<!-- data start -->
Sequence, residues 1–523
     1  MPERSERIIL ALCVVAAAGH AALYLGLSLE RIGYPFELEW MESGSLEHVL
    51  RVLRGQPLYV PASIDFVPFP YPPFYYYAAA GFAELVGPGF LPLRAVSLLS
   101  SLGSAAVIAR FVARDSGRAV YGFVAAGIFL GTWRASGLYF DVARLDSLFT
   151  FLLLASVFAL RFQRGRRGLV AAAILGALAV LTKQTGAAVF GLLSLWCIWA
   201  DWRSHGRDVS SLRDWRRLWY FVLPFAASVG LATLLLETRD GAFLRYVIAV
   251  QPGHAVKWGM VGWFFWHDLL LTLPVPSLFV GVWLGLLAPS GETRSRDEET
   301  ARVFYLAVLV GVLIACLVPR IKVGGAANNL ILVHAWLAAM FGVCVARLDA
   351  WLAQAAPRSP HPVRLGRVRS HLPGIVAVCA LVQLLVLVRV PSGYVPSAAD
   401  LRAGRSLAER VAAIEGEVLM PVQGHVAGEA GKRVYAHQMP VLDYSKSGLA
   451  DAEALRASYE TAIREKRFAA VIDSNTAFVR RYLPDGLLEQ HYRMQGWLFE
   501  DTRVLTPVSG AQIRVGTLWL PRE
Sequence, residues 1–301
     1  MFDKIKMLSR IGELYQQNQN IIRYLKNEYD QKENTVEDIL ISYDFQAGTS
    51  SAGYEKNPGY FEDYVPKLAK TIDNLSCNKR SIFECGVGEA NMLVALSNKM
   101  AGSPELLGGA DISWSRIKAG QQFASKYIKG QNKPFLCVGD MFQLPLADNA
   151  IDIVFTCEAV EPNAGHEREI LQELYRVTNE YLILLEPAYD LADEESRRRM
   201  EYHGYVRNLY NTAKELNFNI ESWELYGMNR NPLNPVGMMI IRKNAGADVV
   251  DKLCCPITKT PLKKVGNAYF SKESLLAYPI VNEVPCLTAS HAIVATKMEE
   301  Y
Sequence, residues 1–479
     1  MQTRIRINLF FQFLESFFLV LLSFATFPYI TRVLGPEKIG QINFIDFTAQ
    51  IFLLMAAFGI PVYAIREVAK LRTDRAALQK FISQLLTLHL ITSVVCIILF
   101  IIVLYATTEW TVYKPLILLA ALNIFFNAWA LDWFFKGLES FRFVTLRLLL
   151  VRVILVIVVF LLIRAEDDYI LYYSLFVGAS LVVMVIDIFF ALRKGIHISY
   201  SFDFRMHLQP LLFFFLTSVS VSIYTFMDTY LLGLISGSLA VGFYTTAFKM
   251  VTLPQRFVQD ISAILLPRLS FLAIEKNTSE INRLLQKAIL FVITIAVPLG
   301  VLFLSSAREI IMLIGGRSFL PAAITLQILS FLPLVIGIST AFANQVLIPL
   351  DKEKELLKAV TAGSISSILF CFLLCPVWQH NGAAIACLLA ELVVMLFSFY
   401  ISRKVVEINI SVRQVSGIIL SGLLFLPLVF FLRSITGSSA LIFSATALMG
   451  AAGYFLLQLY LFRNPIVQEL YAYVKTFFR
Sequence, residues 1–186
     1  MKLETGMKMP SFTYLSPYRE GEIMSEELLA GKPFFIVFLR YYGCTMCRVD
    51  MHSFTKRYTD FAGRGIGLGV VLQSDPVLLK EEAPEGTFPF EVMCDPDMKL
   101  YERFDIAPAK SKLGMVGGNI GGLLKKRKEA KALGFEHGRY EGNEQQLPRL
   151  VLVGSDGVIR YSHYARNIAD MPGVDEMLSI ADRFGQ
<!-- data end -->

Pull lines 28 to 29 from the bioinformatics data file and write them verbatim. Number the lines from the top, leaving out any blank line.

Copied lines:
   301  VLFLSSAREI IMLIGGRSFL PAAITLQILS FLPLVIGIST AFANQVLIPL
   351  DKEKELLKAV TAGSISSILF CFLLCPVWQH NGAAIACLLA ELVVMLFSFY